Pros: Quiet, low profile installation
Cons: Intake vents have a retro 70's appearance
Living in a warm suburb of Los Angeles, anything to help tame the "giant electric bill monster" is a welcome friend to this home! Attic fans were always something on my list of "should-dos", but my modest home's narrow common hallway is not well suited for the typical "central suck-zone", so I had never quite gotten around to it.
Then I found an ad for the Quiet Cool system. It seemed to be the perfect solution. Multiple, individual fans with intakes that can go directly into bedrooms. Fan motors themselves are mounted deep into the attic where the your existing thermal insulation can double as a sound insulator. The Quiet Cool system is a briliant, simple, elegant design. Why attic fans have always not been designed like this is anybody's guess.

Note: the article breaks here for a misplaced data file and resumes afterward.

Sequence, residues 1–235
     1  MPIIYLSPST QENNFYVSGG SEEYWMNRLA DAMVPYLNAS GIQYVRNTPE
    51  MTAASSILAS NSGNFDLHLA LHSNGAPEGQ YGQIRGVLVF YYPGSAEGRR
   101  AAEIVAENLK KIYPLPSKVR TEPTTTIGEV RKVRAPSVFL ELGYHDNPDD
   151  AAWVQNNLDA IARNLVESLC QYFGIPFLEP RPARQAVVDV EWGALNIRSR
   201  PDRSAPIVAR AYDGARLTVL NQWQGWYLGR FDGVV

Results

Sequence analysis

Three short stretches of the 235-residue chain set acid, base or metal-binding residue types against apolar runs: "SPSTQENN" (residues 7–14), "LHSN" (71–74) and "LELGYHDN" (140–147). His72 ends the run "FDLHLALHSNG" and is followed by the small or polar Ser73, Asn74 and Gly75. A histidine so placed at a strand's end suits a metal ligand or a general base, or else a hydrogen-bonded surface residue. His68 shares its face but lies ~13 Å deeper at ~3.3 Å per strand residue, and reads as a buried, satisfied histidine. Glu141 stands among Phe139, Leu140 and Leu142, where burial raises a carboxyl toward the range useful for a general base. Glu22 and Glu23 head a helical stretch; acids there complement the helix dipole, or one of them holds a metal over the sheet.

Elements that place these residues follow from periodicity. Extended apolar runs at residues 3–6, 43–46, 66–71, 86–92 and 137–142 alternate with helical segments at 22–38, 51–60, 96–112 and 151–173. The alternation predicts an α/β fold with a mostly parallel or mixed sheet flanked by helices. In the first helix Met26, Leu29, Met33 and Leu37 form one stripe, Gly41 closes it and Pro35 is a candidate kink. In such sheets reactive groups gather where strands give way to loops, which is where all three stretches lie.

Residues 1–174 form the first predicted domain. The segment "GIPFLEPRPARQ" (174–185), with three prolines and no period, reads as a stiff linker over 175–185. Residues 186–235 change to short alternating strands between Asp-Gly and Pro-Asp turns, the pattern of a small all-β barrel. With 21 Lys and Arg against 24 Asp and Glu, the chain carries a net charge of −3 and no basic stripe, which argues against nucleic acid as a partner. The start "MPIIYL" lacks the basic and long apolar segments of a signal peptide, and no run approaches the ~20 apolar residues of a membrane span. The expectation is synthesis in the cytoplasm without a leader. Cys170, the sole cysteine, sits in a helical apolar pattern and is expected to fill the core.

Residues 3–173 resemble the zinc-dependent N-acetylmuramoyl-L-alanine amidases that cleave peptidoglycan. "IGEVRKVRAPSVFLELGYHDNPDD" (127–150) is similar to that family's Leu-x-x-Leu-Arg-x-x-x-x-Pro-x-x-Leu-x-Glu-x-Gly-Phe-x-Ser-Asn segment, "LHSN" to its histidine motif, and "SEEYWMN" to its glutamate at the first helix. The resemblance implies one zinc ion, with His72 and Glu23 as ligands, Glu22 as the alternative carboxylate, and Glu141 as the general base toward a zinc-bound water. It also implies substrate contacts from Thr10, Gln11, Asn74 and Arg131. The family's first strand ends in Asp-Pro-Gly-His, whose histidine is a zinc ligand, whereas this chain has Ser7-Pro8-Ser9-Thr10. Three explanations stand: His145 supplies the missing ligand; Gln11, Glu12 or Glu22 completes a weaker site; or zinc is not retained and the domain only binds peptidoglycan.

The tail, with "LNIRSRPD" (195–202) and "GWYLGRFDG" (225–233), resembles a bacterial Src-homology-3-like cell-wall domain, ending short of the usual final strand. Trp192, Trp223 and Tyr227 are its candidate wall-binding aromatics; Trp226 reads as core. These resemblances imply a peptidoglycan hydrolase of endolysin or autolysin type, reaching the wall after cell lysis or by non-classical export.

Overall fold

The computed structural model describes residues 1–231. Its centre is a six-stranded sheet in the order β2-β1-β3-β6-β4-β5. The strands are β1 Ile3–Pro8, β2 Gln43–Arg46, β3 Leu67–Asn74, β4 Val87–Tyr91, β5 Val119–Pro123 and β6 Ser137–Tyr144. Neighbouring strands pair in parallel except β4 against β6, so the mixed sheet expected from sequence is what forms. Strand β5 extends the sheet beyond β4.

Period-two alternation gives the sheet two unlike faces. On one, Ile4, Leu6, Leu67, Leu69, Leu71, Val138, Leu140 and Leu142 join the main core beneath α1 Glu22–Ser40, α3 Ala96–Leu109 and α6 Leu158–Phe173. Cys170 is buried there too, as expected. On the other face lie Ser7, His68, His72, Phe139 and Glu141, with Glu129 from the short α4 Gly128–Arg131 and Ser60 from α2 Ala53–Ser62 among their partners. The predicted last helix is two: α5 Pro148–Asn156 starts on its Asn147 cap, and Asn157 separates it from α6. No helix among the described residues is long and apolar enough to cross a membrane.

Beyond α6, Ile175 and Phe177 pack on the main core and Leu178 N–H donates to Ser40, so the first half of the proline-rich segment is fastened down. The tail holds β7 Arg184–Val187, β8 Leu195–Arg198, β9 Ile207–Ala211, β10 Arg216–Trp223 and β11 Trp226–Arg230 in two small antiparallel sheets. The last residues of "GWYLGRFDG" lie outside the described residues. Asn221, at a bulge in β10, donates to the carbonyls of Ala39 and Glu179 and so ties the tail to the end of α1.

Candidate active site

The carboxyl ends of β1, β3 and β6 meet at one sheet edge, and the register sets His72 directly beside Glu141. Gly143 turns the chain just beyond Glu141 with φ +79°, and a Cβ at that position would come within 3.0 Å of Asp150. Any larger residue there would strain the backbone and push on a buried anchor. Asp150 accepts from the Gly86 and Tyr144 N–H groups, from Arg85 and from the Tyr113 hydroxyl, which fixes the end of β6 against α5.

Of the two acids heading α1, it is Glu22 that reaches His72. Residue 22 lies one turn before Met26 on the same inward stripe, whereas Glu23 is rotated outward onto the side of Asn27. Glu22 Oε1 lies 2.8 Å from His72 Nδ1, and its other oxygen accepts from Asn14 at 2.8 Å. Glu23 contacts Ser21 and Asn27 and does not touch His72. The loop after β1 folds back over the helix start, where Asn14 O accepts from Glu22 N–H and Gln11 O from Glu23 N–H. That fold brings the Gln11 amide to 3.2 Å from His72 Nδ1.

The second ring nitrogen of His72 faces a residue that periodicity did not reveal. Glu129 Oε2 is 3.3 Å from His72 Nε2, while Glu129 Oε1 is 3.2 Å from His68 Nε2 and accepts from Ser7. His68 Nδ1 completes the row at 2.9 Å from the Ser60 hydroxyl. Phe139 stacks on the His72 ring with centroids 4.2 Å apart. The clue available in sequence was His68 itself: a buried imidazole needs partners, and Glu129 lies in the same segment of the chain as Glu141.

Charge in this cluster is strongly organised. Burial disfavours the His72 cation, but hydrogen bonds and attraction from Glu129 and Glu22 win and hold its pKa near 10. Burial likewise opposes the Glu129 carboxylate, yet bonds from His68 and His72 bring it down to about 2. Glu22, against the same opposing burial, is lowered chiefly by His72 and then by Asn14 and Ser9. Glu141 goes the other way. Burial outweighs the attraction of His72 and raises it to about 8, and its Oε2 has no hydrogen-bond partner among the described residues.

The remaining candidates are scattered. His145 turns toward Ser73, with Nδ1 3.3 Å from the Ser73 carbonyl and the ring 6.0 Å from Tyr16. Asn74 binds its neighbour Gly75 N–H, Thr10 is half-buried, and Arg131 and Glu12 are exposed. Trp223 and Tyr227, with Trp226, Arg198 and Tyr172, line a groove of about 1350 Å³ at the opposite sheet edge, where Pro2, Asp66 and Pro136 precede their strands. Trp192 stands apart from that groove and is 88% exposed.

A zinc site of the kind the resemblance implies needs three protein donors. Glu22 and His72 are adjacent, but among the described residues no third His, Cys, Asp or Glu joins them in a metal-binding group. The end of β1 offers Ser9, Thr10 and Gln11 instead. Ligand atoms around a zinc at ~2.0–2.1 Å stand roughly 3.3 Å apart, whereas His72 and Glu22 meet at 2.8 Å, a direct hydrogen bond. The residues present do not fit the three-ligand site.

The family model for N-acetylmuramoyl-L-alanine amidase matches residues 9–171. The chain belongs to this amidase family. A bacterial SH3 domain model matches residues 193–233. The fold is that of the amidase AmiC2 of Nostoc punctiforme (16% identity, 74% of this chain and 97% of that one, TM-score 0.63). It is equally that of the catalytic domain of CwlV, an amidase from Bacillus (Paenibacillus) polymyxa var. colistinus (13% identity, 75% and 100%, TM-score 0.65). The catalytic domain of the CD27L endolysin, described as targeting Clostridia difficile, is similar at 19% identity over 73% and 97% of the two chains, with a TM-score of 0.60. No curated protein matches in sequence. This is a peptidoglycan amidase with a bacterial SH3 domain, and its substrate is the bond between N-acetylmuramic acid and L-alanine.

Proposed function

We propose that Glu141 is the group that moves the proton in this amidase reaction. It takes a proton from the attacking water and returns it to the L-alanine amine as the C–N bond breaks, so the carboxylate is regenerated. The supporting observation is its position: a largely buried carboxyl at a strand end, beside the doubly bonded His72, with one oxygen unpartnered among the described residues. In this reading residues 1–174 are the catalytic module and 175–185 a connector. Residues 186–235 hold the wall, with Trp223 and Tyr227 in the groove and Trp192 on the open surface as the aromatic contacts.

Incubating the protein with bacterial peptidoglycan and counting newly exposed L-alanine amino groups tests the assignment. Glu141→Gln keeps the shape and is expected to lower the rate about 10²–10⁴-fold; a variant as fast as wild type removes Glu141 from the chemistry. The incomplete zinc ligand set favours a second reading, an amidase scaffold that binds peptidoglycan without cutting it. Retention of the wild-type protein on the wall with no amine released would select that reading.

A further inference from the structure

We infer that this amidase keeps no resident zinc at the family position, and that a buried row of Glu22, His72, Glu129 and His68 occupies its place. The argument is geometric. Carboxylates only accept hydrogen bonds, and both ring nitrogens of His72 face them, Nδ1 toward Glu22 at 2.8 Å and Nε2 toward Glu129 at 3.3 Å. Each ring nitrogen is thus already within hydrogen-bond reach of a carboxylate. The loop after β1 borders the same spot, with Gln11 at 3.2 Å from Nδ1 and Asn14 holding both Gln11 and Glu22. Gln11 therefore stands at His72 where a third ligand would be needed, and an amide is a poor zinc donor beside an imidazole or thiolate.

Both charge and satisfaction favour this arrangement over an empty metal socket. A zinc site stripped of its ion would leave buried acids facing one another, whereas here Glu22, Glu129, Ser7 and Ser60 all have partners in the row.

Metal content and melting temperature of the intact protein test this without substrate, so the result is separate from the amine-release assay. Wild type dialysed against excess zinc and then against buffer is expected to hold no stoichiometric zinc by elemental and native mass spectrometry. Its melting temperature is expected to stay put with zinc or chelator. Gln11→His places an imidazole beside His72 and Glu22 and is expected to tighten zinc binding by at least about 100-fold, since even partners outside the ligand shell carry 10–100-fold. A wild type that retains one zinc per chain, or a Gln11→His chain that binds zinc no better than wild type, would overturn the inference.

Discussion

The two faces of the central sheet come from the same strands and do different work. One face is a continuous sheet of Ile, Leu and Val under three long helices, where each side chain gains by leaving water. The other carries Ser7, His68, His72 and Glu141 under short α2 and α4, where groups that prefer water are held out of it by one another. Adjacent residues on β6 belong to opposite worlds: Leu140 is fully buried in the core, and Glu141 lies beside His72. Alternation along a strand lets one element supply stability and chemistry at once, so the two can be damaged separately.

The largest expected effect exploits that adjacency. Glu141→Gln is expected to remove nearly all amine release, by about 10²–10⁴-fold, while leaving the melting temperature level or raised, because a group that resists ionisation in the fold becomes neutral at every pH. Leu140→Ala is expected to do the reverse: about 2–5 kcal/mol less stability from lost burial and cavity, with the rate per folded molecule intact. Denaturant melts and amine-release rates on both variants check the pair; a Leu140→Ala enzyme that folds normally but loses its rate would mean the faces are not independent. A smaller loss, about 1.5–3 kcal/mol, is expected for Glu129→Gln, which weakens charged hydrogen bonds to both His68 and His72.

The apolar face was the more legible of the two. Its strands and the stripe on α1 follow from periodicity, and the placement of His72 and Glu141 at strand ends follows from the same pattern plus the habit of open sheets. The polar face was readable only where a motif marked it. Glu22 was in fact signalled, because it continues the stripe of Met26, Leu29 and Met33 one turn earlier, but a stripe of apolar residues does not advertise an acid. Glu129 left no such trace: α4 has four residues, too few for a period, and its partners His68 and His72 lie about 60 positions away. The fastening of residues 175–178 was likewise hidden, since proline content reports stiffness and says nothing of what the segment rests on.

We've had the system in place for a couple years now. Despite Edison's sharp rate increases, we've gone from seeing $600+ electric bills to staying within the $300 range. In the spring time, despite 90-100 degree heat, we keep the home under 80 degrees by running the Quiet Cool at night. The home's insulation keeps things comfortable during the day, and we absorb as much night time cool air as we can!
During the heat waves of summer, when it fails to cool off at night, the fans become ineffective and it's back to your air conditioning. But with savings throughout the spring, summer and fall, these things will pay for themselves VERY fast.